Tuesday, January 13, 2009
Watercolor: Forster's Tern
Okay, I have to do a repost of the tern study. Orignally I had posted about the collaborative project between the GNSI Finger Lakes chapter and The Audubon Society and Cornell Lab of Ornithology which will culminate in an exhibit of Common Birds in Decline. I contacted the photographer who took the photo I used as a reference for a study of the Common Tern for permission. She gave me permission and then thought maybe she should check around with some of her birding expert friends. Turns out, the photo she took listed on the site as a Common Tern, is really a Forster's Tern. There are slight differences, but differences to be sure and science illustration is about accuracy. Tail length, plummage, beak length,...and more...are critical in distinguishing a species. (There are 20 or so species of terns) According to Bill Thompson, author of Identify Yourself: The 50 Most Common Birding Identification Challenges, terns are among the 50. Ken Kaufman, who wrote the foreward, writes,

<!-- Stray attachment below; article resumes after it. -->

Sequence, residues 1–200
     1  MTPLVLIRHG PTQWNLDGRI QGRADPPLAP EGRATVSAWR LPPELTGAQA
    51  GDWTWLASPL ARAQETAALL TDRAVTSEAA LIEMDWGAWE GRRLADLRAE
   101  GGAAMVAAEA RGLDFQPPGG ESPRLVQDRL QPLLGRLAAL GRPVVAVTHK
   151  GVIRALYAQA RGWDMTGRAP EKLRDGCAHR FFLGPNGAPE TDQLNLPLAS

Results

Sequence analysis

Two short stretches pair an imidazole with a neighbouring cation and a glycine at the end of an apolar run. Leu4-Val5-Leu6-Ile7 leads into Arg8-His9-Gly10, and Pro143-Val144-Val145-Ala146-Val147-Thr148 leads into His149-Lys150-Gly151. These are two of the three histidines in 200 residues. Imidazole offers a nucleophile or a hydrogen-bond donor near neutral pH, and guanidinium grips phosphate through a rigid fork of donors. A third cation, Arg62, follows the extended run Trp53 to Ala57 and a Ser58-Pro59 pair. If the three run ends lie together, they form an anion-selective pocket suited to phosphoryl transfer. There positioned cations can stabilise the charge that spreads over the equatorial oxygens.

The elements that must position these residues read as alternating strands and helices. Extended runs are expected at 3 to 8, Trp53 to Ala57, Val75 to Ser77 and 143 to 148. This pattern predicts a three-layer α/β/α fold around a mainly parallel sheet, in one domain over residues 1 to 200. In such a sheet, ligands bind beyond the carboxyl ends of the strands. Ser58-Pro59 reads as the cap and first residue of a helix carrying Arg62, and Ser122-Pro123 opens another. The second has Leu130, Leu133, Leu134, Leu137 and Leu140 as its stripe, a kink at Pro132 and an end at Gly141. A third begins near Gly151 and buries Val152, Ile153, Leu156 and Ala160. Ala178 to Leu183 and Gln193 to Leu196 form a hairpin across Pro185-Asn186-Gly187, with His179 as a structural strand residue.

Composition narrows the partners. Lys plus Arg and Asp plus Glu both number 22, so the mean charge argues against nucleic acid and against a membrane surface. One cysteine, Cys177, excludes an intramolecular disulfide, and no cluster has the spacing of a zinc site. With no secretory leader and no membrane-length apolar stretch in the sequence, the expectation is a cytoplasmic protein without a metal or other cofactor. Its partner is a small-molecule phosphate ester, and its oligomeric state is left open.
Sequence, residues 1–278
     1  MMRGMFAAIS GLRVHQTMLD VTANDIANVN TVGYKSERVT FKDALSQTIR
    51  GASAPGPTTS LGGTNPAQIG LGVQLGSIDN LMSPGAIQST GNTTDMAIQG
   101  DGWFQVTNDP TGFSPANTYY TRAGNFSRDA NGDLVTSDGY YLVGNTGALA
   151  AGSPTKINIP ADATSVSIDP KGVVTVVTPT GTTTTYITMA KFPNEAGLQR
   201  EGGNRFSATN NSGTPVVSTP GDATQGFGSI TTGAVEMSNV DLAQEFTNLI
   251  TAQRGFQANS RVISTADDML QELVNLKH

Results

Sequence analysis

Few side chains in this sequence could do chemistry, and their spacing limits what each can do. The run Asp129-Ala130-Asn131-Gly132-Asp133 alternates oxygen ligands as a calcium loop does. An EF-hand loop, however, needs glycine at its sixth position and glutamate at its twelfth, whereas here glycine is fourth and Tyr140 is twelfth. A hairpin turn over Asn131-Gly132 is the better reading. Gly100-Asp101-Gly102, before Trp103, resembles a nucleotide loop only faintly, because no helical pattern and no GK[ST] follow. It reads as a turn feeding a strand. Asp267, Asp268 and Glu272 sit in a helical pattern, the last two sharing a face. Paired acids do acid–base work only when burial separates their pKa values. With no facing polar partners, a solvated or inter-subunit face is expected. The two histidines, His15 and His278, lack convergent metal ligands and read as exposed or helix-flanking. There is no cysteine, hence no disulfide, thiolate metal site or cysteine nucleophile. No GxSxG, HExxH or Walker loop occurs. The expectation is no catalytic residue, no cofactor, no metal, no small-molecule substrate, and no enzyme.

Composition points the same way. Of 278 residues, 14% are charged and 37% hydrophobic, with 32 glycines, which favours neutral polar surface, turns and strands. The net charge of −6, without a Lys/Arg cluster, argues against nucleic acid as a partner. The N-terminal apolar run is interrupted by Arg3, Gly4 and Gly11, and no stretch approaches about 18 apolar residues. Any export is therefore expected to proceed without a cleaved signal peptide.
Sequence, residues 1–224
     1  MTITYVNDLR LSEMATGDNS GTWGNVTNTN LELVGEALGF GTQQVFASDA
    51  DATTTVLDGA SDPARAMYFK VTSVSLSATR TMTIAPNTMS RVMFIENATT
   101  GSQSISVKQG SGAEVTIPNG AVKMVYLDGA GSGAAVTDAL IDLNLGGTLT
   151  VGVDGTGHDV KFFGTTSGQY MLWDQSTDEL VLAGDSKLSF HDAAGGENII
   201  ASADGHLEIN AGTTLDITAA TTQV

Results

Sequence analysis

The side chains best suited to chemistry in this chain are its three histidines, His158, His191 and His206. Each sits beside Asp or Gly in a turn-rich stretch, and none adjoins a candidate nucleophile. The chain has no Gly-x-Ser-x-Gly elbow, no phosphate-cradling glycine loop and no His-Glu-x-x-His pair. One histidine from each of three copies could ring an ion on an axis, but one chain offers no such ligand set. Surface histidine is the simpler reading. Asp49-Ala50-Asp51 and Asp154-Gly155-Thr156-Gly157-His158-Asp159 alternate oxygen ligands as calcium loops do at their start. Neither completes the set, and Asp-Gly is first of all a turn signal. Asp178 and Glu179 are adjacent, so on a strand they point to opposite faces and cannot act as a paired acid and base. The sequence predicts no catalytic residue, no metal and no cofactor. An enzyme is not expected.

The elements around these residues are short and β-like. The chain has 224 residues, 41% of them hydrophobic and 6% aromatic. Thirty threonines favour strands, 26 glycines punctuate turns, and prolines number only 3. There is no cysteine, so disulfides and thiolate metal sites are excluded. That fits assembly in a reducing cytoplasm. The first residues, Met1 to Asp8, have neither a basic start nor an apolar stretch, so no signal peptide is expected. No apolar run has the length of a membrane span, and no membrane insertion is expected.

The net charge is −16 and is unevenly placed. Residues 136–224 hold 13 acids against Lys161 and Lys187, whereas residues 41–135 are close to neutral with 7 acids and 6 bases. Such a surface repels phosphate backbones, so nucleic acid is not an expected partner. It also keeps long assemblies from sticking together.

" There will always be challenges in identifying birds and that's the way I like it. If the birds all wore name tags, if it never took more than a glance to identify them, a little bit of the plaeasure would be gone."
I knew I was going to learn a lot when I started this project. So, I have a nice study of a Forster's Tern:) When we return to the Lab of O to draw again I will ask the curators for a Common Tern and a Forster's Tern to see the differences up close and personal. Stay tuned.